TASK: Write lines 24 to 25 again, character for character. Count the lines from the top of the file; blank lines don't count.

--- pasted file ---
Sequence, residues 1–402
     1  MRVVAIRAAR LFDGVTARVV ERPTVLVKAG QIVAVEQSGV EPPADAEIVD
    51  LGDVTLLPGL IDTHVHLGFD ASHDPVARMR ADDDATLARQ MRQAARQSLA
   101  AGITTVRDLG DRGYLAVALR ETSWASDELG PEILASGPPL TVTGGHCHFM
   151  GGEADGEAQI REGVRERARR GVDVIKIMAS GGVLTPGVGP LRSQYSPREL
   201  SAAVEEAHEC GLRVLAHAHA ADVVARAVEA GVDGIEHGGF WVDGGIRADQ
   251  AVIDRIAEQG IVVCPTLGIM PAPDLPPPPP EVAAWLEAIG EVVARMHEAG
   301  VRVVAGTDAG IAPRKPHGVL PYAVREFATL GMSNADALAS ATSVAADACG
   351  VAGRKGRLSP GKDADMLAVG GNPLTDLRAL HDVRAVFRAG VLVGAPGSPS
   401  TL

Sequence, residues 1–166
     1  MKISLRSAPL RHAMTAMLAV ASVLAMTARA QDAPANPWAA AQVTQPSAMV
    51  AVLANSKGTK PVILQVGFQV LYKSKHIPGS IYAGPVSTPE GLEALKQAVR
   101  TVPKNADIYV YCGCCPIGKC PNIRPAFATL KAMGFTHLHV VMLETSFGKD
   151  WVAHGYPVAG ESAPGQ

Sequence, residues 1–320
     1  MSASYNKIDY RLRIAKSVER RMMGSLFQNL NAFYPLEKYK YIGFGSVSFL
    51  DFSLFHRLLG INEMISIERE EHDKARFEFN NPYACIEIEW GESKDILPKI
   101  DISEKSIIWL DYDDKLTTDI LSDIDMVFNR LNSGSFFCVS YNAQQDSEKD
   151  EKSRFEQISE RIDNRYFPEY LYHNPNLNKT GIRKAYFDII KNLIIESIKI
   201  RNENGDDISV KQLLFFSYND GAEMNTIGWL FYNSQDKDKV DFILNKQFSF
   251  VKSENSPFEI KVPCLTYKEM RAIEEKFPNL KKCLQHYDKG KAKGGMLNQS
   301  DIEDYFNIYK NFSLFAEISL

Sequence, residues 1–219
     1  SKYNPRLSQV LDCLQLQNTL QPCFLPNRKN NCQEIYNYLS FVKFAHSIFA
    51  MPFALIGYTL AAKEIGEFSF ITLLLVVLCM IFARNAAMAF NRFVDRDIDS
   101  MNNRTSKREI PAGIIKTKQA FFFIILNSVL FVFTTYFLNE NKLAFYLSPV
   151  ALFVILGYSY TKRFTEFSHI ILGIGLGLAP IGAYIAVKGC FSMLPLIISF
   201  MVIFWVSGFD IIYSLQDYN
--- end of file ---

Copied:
Sequence, residues 1–219
     1  SKYNPRLSQV LDCLQLQNTL QPCFLPNRKN NCQEIYNYLS FVKFAHSIFA